4 Must-Know Ways to Comply with NSCC’s Cybersecurity Confirmation
Most organizations have a plan for cybersecurity, but the 3,000+ firms involved in banking, securities brokerage and insurance need more than a plan. These firms are required to confirm the existence and soundness of their cybersecurity programs.
In December 2019, the U.S. Securities and Exchange Commission approved a rule change that applies to three groups: 1.) members of the National Securities Clearing Corporation (NSCC), 2.) entities applying for NSCC membership and 3.) firms that provide trade data to the NSCC. The rule change resulted in a compliance requirement to complete a two-page Cybersecurity Confirmation.
Depending on the state of your firm’s cybersecurity program, the compliance challenge may be simple and easy to complete, or it can be complex and hard. Here are four must-know ways for compliance with SEC’s new rule and its objective: reasonable cybersecurity.
- Compliance with other cybersecurity regulations improve effectiveness
The New York State Department of Financial Services (NYDFS) cybersecurity regulation is the gold standard for meeting the Cybersecurity Confirmation objective to align with an industry-recognized framework. If your entity already complies with NYDFS, filling out the confirmation is a mere formality.
Using industry-standard, risk-based frameworks, including NIST Cybersecurity Framework, FFIEC Cybersecurity Assessment Tool and ISO 27001, put your entity in an excellent position for complying with NSCC’s Cybersecurity Confirmation rule. The principles and standards in these frameworks and tools indicate a sound cybersecurity program. It’s also a good idea to assess your firm’s cybersecurity program to look for overlaps and gaps.
- A senior executive must sign the cybersecurity confirmation
Increasingly, regulators are holding senior management personally responsible for disclosures, rules and compliance like the UK’s Senior Manager and Certification Regime that codifies individual accountability. The NSCC rule continues this trend.
On the Cybersecurity Confirmation, a senior executive must sign, attesting to the information provided and on behalf of the company. Getting the signature of the executive could become a harder request for your compliance team. By assessing and doing due diligence on all aspects of the cybersecurity program, you can speak more confidently about the data provided and secure the signature.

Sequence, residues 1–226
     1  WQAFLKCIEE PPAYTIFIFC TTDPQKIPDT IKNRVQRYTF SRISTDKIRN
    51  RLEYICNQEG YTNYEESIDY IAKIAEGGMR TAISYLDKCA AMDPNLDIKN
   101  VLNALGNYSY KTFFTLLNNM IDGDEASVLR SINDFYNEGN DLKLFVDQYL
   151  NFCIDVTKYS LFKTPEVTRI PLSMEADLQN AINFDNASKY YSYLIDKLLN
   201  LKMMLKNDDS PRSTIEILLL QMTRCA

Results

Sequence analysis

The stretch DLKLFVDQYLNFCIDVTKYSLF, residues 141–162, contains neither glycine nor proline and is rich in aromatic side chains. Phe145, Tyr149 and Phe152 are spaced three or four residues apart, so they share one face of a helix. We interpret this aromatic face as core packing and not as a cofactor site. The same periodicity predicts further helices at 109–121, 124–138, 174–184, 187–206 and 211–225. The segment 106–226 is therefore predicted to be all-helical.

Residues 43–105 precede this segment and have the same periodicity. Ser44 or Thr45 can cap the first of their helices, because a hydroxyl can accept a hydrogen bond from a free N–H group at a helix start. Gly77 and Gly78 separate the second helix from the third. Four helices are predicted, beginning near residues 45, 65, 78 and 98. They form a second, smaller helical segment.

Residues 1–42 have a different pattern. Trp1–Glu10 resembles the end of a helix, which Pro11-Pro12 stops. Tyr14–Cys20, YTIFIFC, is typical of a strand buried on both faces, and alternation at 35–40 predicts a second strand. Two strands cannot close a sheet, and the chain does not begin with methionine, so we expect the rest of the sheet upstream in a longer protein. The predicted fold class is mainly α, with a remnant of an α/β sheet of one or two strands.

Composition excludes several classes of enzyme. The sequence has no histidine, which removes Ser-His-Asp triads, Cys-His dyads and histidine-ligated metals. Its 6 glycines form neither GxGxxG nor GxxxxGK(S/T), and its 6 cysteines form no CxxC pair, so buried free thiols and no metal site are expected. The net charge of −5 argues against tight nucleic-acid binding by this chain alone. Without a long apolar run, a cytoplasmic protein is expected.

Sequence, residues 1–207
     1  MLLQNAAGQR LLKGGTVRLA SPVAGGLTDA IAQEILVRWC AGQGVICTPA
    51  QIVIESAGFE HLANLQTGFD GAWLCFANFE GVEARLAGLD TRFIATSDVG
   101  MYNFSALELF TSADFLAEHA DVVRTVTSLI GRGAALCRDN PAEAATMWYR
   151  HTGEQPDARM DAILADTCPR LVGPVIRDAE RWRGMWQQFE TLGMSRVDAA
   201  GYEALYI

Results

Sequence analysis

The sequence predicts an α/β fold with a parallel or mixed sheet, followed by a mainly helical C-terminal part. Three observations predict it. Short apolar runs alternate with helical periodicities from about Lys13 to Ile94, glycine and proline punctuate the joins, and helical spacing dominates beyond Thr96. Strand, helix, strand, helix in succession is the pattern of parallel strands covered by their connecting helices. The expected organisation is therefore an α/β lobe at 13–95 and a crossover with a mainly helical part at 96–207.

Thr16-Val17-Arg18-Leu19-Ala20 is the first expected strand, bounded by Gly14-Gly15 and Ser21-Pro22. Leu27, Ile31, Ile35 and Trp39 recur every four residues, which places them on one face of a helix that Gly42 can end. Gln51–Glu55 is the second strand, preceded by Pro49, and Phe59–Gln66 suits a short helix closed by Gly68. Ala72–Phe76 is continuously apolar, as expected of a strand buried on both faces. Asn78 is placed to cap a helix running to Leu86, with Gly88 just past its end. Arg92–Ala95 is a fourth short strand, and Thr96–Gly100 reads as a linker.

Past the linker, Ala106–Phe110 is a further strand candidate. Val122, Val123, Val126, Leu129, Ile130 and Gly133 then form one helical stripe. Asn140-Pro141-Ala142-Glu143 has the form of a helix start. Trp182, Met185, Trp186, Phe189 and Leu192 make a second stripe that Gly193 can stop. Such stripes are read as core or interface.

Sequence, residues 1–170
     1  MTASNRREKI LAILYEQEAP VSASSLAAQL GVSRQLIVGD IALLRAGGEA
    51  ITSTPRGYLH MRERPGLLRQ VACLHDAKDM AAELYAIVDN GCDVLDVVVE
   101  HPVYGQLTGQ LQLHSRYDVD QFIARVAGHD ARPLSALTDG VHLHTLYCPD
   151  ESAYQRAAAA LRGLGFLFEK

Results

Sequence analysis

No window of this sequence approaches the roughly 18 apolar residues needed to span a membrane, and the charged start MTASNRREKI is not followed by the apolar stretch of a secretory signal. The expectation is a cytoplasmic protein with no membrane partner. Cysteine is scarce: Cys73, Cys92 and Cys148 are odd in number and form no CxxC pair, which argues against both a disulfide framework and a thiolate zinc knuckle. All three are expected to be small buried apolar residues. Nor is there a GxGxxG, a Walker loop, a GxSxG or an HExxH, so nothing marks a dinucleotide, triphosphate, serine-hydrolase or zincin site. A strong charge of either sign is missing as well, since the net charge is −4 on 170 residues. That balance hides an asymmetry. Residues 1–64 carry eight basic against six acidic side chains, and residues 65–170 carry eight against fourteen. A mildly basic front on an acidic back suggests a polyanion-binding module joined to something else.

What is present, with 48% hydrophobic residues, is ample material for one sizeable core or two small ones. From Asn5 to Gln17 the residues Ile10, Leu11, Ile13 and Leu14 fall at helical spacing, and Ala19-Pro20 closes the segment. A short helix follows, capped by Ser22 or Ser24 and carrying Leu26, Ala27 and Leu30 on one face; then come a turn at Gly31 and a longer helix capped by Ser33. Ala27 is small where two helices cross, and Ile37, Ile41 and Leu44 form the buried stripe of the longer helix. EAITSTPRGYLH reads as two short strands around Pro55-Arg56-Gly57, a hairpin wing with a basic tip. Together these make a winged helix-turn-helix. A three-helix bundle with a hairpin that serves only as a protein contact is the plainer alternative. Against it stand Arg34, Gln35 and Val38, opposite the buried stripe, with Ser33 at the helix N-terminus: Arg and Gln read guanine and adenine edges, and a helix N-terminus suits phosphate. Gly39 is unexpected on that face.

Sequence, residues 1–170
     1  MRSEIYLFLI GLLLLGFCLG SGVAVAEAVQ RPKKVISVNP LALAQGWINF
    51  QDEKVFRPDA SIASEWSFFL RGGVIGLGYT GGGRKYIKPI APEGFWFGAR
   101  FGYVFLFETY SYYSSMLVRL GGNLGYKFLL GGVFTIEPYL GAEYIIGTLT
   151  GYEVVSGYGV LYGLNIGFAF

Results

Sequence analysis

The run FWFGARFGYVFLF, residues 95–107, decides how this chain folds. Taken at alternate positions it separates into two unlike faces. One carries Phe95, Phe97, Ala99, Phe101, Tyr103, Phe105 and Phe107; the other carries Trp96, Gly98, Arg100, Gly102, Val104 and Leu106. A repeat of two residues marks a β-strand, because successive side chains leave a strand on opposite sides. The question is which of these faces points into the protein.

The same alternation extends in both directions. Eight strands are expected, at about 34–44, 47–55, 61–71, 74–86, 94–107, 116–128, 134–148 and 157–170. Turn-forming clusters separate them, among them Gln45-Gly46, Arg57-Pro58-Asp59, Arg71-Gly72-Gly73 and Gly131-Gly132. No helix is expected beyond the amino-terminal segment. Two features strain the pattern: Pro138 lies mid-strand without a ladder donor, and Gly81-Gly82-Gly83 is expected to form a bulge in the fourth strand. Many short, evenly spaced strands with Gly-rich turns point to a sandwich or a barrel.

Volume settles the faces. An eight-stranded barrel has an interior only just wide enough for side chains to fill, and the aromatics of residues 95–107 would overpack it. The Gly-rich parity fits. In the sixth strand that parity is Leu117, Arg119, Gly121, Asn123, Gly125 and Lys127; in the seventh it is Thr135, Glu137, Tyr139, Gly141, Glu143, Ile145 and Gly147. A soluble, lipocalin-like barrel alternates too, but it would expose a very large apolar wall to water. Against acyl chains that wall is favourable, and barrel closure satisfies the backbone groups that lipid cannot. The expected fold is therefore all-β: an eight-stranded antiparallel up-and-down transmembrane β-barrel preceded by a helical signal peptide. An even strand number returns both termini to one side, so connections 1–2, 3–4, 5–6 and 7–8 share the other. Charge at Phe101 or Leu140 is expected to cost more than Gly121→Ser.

- Acceptable methodology must be used to review cybersecurity programs
The cybersecurity confirmation calls for a comprehensive review of your cybersecurity program and framework to be conducted by one of the following:
- Certification of compliance with NYDFS
- A regulator assesses the program against a designated cybersecurity framework or industry standard like the Office of the Comptroller (OCC)
- An independent external entity with cybersecurity domain expertise (SOC2 certification, ISO 27001 certification, NIST CST assessment)
- An independent internal audit function reporting directly to the board
Just check the box for the option you select above. Could it be that easy? It is if your program is certified by the NYDFS. The other options take legwork and thoroughness. It’s a reminder that the cybersecurity confirmation isn’t a form you fill out in an afternoon. Use it more as a roadmap and a journey. Take time to complete and involve other departments and individuals.
- Evaluate the impact of cyber risk from third parties
Organizations that outsource their NSCC relationship are responsible for having a program to evaluate the risk from using third parties.
The point is, you can’t truly outsource the cybersecurity program. It’s more like GDPR, where businesses and their partners are both responsible for protecting user data. Take steps to implement defined processes for evaluating risks from using a third party and document whenever you review third-party assurance reports. Protecting the company from cyber risk with a third party includes reputation risk. That means dotting i’s and crossing t’s every step of the way.
A sign of things to come
NSCC’s new requirement, Cybersecurity Confirmation, is the latest of the coming regulations and standards around cybersecurity, especially in the financial industry.
Financial services should see cybersecurity as their fiduciary duty. This is especially true for NSCC members, given NSCC is designated a Systemically Important Financial Market Utility (SIFMU). It means government agencies believe a cyberattack could increase the risk of liquidity problems spreading among financial institutions and markets, thus threatening the stability of the U.S financial system.
The bottom line is, the financial industry can expect a rollout of financial regulations like those of the NSCC to be part of a growing trend. A few steps in the right direction can put a company on a path for compliance with the requirements that are yet to come.
Learn more about Lockpath by NAVEX Global for regulatory compliance and cybersecurity.
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